Dueling opinions; are congressional term limits a good idea or not?

Nick Sallen, Editor-in-Chief

Preventing corruption

“We came to office not to seek for our own power, but to implement sound principles and to benefit all the people within our states. We then passed the torch to the next generation of leaders,” Libertarian nominee Gary Johnson and his running mate, Bill Weld, co-wrote in an opinion piece to the Washington Post.

Johnson and Weld align their views on congressional term limits with myself and a majority of americans polled — congressional term limits should be implemented on Senate and the House of Representatives.

I believe consecutive term limits will increase performance while preventing corruption or stagnation. A consecutive term limit means a legislator may run for election in another chamber, or leave once their term limit has been met. Should the legislator choose to sit out for two years, the clock will reset, allowing a legislator to run for election in the same position should they not want to serve in another chamber. In my eyes, eight to 12 years is the ideal length of time a legislator should be allowed to serve in one position.

My co-worker believes that congressional term limits thwart the pillar of democracy our government is based on, because if the people vote for their representative to stay but their term limit has been met, the representative has no choice but to step down. In 1995, the Supreme Court ruled that term limits on Congress is unconstitutional, verifying my coworkers belief.

In the ‘90s, 15 states enacted state-level congressional term limits of eight to 12 years. The reasoning behind these term limits was to bring new perspectives to Congress and eliminate the career politician.

The states which enacted these laws saw special interest groups and lobbyists working harder to secure subsidies or favorable regulation from their state governments. I believe this is a good thing because money should never influence policy decisions. Lobbyists in these states have had to develop more relationships and make sound arguments for the corporations they represent instead of relying on long-term friendships.

The 22nd Amendment, limiting the president of the United States to two terms, was added to the Constitution. Therefore, term limits on Congress could become constitutional if an amendment were passed. It seems highly unlikely that kind of legislation will pass due to Congress and the House of Representatives both needing a 2/3 vote pass an amendment which would limit their ability to have an extended stay in their respective chamber.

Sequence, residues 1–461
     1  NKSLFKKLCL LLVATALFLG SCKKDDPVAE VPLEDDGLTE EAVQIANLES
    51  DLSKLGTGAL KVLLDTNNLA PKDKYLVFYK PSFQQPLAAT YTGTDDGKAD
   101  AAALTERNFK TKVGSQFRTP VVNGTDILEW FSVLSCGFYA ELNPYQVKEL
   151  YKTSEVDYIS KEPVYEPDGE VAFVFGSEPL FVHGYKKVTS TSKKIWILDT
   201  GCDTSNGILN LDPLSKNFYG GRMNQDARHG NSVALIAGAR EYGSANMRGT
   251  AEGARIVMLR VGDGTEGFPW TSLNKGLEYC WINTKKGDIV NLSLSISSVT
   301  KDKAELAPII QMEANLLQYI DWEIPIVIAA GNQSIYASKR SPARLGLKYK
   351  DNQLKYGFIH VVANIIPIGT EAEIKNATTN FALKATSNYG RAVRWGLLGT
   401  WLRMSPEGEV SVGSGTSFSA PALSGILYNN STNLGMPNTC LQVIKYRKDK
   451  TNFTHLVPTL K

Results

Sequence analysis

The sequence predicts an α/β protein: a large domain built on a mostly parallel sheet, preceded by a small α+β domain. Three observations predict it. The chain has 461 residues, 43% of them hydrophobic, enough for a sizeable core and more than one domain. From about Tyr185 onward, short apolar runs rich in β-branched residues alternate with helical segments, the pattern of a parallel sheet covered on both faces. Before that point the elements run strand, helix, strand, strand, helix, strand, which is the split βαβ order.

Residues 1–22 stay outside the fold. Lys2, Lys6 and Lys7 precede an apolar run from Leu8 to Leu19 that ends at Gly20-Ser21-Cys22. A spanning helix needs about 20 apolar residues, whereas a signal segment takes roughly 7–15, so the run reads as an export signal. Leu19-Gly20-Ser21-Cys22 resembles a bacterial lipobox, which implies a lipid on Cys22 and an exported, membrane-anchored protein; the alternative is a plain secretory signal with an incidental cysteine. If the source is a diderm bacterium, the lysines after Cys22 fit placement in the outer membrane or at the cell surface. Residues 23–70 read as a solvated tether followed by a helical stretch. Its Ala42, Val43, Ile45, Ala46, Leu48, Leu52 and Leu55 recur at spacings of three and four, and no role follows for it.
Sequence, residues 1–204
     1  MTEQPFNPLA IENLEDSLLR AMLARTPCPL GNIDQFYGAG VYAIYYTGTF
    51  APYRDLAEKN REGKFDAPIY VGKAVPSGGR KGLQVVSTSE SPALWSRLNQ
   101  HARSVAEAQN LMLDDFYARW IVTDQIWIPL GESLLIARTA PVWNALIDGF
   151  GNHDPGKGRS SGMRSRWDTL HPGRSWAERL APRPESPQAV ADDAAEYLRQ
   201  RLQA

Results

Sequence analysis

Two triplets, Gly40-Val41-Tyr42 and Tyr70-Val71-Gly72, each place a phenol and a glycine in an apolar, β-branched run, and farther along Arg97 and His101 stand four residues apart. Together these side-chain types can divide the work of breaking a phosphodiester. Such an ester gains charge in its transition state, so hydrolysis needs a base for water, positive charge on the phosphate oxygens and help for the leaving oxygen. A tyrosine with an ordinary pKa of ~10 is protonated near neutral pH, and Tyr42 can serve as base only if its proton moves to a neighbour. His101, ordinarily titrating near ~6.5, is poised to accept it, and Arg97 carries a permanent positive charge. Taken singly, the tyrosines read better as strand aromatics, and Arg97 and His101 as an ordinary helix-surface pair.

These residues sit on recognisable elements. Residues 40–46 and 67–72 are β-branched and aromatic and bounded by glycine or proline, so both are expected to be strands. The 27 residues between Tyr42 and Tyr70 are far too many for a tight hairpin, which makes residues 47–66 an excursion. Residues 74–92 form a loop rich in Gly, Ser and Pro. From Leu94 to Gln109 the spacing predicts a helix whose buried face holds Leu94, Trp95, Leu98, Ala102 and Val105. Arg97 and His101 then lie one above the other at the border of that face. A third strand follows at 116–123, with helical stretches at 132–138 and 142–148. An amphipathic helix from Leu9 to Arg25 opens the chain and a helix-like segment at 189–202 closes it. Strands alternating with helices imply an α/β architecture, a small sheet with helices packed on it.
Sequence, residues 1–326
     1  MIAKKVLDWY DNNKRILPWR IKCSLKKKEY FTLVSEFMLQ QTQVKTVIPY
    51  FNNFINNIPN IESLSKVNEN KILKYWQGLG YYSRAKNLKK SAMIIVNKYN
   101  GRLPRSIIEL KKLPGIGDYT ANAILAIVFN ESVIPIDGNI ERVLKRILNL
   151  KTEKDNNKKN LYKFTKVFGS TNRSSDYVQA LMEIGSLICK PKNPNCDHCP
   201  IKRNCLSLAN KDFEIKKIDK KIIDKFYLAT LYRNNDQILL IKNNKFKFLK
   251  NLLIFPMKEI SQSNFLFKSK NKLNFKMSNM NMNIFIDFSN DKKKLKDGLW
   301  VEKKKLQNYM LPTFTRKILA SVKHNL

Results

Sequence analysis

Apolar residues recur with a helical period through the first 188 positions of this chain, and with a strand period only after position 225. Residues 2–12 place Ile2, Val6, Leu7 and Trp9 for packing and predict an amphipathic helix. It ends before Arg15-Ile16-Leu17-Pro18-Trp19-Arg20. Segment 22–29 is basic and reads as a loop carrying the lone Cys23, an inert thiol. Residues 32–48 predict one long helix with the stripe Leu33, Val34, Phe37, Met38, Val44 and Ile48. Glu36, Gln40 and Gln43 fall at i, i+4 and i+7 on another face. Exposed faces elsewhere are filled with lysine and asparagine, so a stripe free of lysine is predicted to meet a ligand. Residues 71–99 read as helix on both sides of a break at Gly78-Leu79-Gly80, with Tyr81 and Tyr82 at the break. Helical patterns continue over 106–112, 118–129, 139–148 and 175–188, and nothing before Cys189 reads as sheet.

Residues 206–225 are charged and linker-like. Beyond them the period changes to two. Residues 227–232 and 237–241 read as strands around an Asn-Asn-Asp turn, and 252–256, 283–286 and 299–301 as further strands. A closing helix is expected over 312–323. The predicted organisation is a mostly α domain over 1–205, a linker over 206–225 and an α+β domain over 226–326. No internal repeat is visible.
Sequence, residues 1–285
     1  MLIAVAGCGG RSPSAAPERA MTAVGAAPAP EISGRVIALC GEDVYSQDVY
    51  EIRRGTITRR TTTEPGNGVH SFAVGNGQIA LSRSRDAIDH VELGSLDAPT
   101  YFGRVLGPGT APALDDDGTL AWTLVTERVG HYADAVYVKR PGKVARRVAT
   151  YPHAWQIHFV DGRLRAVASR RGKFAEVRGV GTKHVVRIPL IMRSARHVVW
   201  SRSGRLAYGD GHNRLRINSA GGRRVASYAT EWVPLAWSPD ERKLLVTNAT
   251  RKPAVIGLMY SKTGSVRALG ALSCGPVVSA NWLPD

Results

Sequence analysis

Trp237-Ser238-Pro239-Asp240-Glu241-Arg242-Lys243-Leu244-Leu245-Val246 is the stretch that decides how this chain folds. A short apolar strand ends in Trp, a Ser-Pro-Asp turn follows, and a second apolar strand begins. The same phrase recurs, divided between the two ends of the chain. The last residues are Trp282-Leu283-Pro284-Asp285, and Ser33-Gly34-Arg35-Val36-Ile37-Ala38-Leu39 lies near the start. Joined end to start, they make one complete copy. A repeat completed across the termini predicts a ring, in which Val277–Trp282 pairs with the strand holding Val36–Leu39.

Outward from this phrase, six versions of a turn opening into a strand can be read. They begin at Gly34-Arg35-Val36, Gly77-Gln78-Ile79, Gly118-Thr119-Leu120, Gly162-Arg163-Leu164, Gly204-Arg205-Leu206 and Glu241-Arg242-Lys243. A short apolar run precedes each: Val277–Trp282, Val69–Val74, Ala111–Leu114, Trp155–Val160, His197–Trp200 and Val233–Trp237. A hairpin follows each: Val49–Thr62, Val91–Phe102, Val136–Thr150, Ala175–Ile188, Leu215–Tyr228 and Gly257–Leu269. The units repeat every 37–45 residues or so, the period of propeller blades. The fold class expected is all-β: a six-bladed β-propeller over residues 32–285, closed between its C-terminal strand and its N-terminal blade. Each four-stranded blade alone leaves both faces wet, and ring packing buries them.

The truth is that legislators who have stayed in their position uninterrupted know how to win. They may be a well-liked representative for their constituents. A legislator who votes for the people they represent will receive votes in the next election. For these kinds of legislators, I wish their weren’t term limits.

Legislators could also use their power to enact “pork barrel” policy to bring in lots of campaign dollars in an effort to out spend and, in turn, be rewarded by winning the election due to their pre-paid popularity.

A legislator may lose sight of their constituents desires and act solely out of self-interest. If this were to happen, term limits would eventually force them out of their position, and they would have to prove their worth as a legislator once more.

Currently, there are 11 members in the Congress who have served in the same position for over 36 years. The oldest active uninterrupted representative being John Conyers, who has served Michigan’s 13th congressional district for over 51 years.

Congressional term limits are needed at all levels of government because of the large electoral advantage incumbents have, the constant threat of special interest groups buying off politicians, historically low rates of turnover and the unique power that legislators hold. Our founding fathers thought term limits were a good idea when they drafted the Constitution because they valued good leadership over a long tenure.

Nick Sallen is the editor-in-chief of   The Dakota Student. He can be reached at [email protected]